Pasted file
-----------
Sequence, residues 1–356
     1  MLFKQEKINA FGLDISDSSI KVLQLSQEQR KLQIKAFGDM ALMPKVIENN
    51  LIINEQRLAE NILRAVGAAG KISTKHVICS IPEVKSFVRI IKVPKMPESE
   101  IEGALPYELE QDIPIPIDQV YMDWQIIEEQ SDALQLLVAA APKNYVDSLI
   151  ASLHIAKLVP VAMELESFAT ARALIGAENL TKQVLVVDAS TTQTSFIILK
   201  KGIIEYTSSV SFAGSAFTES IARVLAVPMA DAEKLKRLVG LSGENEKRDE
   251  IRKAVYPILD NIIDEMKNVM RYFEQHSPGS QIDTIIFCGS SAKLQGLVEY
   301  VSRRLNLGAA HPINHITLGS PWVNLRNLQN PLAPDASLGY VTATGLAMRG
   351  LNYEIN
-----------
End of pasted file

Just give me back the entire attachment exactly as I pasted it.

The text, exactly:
Sequence, residues 1–356
     1  MLFKQEKINA FGLDISDSSI KVLQLSQEQR KLQIKAFGDM ALMPKVIENN
    51  LIINEQRLAE NILRAVGAAG KISTKHVICS IPEVKSFVRI IKVPKMPESE
   101  IEGALPYELE QDIPIPIDQV YMDWQIIEEQ SDALQLLVAA APKNYVDSLI
   151  ASLHIAKLVP VAMELESFAT ARALIGAENL TKQVLVVDAS TTQTSFIILK
   201  KGIIEYTSSV SFAGSAFTES IARVLAVPMA DAEKLKRLVG LSGENEKRDE
   251  IRKAVYPILD NIIDEMKNVM RYFEQHSPGS QIDTIIFCGS SAKLQGLVEY
   301  VSRRLNLGAA HPINHITLGS PWVNLRNLQN PLAPDASLGY VTATGLAMRG
   351  LNYEIN